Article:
On-line training, delivered over a network or via CD-ROM, is an attractive approach to improve employee performance and service quality at lower lifetime cost. In practice, however, the development, delivery, and maintenance of on-line training pose definite risks. The implementation of well-designed strategies, such as the use of common standards and guidelines, can contain these risks by improving the quality of online training, reducing the cost, and increasing the timeliness of development and maintenance. The successful implementation of these strategies requires close coordination between business units and the building of corporate intelligence. Expertise in areas such as instructional design, project management, electronic document management, and multimedia development is also needed for the long-term success of on-line training initiatives.


The escalating need for a skilled workforce and high employee turnover are often associated with a growing interest in on-line training. The number of organizations that are placing on-line training materials on their intranets is steadily growing and much of future training can be expected to be digital. Among the advantages commonly contributed to on-line training are:

  • uniform, current, and just-in-time training for large numbers of dispersed learners;

  • shorter training periods; and,

  • lower lifetime cost.

Companies interested in on-line training soon discover however, that this form of training poses its own set of problems and limitations:

  • not all training is appropriate for delivery in on-line environments;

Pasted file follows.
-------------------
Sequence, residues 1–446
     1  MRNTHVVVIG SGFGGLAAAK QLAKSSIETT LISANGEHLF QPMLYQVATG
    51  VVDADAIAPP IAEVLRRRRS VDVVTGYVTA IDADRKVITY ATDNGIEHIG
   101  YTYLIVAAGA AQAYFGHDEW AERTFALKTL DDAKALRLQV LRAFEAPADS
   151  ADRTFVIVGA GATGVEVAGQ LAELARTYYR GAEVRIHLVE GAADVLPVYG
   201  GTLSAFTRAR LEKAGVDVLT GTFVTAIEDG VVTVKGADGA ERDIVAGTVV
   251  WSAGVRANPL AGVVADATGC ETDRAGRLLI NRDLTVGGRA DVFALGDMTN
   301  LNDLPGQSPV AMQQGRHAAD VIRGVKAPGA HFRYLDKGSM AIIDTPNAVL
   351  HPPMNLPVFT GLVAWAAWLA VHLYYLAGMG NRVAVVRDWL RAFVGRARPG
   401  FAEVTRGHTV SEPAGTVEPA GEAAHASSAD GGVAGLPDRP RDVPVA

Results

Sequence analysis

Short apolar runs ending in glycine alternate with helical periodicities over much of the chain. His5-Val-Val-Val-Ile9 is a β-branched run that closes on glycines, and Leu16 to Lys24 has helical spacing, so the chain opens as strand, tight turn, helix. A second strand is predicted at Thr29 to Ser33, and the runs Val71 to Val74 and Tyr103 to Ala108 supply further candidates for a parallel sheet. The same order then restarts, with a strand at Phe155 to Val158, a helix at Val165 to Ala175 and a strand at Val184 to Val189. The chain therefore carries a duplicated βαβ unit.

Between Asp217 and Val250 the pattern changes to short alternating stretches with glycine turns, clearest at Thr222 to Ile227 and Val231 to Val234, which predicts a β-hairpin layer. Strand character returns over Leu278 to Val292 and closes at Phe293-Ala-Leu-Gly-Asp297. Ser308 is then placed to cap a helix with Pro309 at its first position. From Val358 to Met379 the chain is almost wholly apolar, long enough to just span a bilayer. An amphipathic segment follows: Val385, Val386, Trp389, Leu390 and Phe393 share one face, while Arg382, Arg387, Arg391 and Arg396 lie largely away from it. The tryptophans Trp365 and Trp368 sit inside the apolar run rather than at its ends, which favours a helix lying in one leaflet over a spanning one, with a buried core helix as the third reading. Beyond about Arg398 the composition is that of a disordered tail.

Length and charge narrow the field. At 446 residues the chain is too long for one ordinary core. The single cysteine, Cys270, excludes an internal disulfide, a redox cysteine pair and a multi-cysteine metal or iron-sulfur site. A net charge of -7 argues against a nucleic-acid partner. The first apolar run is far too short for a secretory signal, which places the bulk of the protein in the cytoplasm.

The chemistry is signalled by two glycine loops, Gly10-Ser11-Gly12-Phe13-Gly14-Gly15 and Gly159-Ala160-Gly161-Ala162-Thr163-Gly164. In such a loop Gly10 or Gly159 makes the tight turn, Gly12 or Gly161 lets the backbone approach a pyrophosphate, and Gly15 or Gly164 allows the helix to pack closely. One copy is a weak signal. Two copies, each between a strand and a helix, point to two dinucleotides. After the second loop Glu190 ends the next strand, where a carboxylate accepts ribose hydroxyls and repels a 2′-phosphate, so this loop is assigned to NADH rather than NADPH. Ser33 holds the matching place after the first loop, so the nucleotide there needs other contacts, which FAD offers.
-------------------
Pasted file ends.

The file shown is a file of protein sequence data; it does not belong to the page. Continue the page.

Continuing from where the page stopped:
• on-line training materials often contain expensive features that are not instructionally sound;

  • multimedia development and maintenance is expensive;

  • typical multimedia does not facilitate easy reuse of information unless explicitly designed to do so;

  • rapid change of delivery technology and incompatibility between platforms and data standards may prevent learners from accessing on-line training;

  • difficulties with version control may cause multimedia to quickly become outdated and,

  • with easy access to training, content and test security becomes an issue.

Despite these risks, several on-line training initiatives were launched in our business units. In the Fall of 1995, we began to investigate the current status of multimedia development and alternatives for the best use of training resources. Data generated through this research revealed a need to seamlessly integrate different on-line training projects and related documentation. Coordination of objectives, reuse of assets, and maintainability emerged as important considerations. In addition, quality assurance measures for on-line training and subcontracting standards must be developed and implemented. Finally, findings suggested that business units must share institutional memory of best practices and multimedia production initiatives must be designed to render consistent results (Fig. 1).

The findings of this investigation led to recommendations that included:

  • the migration of selected sections of training curricula to the internet;

  • a review of expectations of training outcomes; and,

  • the establishment of "a small shared-resource group with skills in instructional design, project management, and multimedia technologies."

This group would establish and implement standards, strategies, and guidelines for the development, delivery, and maintenance of on-line training materials.

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